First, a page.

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Political development

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Political development


During the Second World War, the bulk of Gibraltar’s civilian population was evacuated to facilitate military activities. An initial evacuation to French Morocco was terminated after a few months due to the deterioration of relations between Britain and the Vichy Government of France. The civilians were then re-evacuated to Britain, Jamaica and Madeira, though some went to Tangier and Spain of their own volition. Repatriation began in 1944, but due to accommodation difficulties in Gibraltar, the last repatriates did not return until 1951.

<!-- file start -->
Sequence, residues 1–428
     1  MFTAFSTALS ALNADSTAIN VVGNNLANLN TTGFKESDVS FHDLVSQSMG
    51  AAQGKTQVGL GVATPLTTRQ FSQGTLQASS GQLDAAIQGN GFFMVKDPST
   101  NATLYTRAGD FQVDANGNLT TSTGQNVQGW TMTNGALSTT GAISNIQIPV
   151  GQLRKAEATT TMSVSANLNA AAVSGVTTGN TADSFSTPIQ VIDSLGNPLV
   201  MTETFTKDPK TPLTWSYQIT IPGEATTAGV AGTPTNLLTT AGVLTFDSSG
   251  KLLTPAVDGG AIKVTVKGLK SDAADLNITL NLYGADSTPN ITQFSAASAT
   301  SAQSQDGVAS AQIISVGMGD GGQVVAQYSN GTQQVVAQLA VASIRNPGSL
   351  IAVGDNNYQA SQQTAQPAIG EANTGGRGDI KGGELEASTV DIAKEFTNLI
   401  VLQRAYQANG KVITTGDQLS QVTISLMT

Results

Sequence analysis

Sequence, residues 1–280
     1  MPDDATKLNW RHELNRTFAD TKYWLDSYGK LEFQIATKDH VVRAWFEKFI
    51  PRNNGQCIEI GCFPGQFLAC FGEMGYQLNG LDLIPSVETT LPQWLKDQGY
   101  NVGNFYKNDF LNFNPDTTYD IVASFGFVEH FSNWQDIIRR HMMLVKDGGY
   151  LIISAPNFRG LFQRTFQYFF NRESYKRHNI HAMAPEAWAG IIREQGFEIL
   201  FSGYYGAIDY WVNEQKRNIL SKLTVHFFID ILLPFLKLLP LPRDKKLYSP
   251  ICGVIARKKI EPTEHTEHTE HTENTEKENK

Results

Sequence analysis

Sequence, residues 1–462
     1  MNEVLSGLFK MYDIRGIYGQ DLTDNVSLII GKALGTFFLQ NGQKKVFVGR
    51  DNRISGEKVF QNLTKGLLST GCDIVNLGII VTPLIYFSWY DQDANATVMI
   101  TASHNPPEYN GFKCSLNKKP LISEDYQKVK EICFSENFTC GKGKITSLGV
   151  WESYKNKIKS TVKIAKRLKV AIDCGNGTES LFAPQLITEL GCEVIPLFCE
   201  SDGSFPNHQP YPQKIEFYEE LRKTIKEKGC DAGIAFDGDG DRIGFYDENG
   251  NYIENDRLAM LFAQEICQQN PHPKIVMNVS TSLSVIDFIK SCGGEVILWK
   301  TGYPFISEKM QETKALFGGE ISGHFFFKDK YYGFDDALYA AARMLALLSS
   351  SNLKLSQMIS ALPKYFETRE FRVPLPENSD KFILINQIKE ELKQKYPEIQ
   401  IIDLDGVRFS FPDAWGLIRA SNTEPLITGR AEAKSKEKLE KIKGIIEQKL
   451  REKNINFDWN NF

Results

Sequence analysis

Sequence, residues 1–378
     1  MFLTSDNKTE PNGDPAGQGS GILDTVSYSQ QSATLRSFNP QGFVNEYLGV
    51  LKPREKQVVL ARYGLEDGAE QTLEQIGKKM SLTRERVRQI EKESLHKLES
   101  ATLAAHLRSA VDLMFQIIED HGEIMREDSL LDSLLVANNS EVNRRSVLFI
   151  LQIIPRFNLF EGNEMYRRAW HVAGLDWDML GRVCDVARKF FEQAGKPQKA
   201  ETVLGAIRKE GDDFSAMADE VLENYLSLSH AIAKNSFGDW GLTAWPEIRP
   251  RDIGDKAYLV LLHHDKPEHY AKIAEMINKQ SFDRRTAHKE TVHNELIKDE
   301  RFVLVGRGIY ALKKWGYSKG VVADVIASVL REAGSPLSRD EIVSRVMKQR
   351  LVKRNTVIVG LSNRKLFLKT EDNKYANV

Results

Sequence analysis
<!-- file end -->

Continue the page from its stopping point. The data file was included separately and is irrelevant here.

The experience gained by evacuees in their fight for better conditions for themselves and their compatriots gave a substantial impetus to the demand for greater self-government in the colony. The Association for the Advancement of Civil Rights was formed at the end of 1942 and in 1945 the City Council was reconstituted, for the first time with an elected majority.
The governor’s monopoly of legislative authority ended five years later, with the formation of a legislative council, and subsequent amendments allowed for a majority of elected members.
The post-war years were also marked by expansion and progress in social and economic spheres. Medical, educational, housing and social security services were developed.
The building of an airfield on the isthmus, the great construction achievement of World War Two, was to have lasting repercussions in peacetime. It is now used extensively by civilian operators and, combined with expanding land and sea travel facilities, has made Gibraltar a Mediterranean centre of communications between Europe and Africa. It also helped make tourism an important pillar of the Rock’s economy.